A team of engineers studying Leonardo da Vinci's 500-year-old archives, found evidence that the Italian polymath was working on gravity a century before its foundations were laid by Galileo. The team's findings come from a re-examination of the Codex Arundel, a collection of documents written by da Vinci detailing various experiments and personal notes taken over the last 40 years of his life.
The code is freely accessible online from the British Museum. The team's research is published in MIT Press magazine on Leonardo. Mory Gharib, an engineer at Caltech, said he came across the archives in 2017 when he was looking for some of da Vinci's works. Although the codex was written in da Vinci's last 40 years, Gharib suspects that the gravitational thoughts were written sometime in the last 15 years or so of his life.
Gharib recruited co-author Flavio Noca, a researcher at the University of Applied Sciences and Arts of Western Switzerland, to translate the Italian's writing.
da Vinci understood some basic principles of objects in motion. He wanted to do an experiment testing how the movement of a cloud would correspond to the hail it produced if the speed of the cloud and any changes in it corresponded to the speed of falling hail.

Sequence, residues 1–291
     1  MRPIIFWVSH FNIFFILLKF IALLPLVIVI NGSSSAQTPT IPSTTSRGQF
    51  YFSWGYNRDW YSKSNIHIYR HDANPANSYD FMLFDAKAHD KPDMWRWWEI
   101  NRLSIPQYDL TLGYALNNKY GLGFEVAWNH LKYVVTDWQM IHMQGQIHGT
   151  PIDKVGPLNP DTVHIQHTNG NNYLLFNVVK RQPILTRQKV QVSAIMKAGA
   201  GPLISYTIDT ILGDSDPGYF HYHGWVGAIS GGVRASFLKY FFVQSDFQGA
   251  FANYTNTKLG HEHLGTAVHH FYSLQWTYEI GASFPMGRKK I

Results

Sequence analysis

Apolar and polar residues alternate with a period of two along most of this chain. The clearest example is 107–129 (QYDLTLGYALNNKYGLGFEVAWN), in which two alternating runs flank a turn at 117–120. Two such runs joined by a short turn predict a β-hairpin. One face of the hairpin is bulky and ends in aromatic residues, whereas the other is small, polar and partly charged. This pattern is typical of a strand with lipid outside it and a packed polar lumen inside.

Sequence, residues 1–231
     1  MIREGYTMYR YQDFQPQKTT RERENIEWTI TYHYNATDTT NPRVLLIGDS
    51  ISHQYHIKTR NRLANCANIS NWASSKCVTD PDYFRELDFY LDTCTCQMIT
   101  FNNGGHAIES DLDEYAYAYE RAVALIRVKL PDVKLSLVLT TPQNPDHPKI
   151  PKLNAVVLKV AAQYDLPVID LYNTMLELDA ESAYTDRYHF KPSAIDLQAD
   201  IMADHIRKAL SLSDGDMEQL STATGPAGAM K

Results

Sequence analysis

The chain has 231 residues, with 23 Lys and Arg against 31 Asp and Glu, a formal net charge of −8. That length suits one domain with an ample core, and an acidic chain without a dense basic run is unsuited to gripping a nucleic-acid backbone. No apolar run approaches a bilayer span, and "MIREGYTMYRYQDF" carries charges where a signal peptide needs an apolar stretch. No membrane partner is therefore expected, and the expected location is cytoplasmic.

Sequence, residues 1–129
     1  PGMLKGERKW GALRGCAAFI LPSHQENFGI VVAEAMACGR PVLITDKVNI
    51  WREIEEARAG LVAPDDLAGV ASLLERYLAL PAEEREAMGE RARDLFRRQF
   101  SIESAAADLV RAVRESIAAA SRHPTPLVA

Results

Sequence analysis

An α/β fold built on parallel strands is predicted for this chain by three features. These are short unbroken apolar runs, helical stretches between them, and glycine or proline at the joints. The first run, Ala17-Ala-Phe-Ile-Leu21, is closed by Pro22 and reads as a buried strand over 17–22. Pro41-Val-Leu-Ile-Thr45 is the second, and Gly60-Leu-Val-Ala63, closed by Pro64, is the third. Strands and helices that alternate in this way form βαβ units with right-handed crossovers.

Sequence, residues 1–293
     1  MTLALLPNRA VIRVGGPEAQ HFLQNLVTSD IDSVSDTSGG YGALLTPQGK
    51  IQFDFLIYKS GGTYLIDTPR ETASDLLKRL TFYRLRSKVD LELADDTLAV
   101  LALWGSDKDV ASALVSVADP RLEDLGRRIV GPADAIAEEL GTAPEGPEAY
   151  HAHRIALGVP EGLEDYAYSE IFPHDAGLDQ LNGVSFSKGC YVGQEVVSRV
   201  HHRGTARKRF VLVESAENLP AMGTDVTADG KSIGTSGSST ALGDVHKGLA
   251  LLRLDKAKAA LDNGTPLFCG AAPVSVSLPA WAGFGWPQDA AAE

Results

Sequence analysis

Instead of controlling the weather, da Vinci replaced the cloud with a pitcher and the hail with sand or water.
Reliable clocks weren't available until about 140 years after da Vinci's death in 1519, the researchers say, so the inventor was forced to replace the constant of time with space: assuming that the time it took each particle of water/sand to to fall from the pitcher, simply keep the pitcher at the same height in all trials.
da Vinci's sketch shows the positions of the falling material during its trajectory towards the ground.
By drawing a line through the location of the material at each point in time, da Vinci realized that a triangle could be formed, with the drawn line being the hypotenuse.
By changing the pitcher's acceleration during the experiment, the shape of the triangle also changed. Leonardo knew that falling material would accelerate and that acceleration is downward. What he wasn't entirely sure about – hence the experiment – was the relationship between the acceleration of the falling material and the acceleration of the pitcher.
When the motion of the pitcher was accelerated at the same rate as the falling material affected by gravity, an equilateral triangle was formed.
Literally, as da Vinci noted, it is an “Equatione di Moti” or an “equation of motions”. The researchers modeled da Vinci's experiment and found that the polymath was wrong in his understanding of the relationship between the falling object and time.
"What we saw is that Leonardo struggled with this, but he modeled it as the distance of the falling object being proportional to the square of the force t [with t representing time] instead of being proportional to t squared," said Chris Roh, a researcher at Cornell University. and co-author of studying.
"It's wrong, but later we found out that he used this kind of wrong equation in the right way." The team interpreted signs in da Vinci's sketches that instead of a clock, da Vinci found the constant of gravity with almost 98% accuracy.